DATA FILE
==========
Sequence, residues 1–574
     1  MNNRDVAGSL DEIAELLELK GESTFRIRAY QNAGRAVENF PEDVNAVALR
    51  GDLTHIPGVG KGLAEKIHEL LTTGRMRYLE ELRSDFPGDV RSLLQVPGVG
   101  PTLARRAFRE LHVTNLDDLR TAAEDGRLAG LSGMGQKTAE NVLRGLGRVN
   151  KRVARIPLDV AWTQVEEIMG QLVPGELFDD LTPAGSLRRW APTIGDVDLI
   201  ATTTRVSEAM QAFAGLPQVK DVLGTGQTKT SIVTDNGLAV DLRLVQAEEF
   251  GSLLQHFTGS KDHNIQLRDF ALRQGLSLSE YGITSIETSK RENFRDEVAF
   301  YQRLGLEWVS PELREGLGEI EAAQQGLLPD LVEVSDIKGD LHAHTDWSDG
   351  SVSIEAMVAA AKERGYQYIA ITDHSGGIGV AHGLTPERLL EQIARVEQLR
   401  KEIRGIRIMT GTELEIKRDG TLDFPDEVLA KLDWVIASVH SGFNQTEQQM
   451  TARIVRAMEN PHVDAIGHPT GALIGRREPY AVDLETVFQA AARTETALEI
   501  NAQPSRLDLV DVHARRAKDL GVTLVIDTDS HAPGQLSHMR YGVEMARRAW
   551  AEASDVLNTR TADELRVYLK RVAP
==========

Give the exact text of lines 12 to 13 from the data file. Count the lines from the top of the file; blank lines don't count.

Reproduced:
   501  NAQPSRLDLV DVHARRAKDL GVTLVIDTDS HAPGQLSHMR YGVEMARRAW
   551  AEASDVLNTR TADELRVYLK RVAP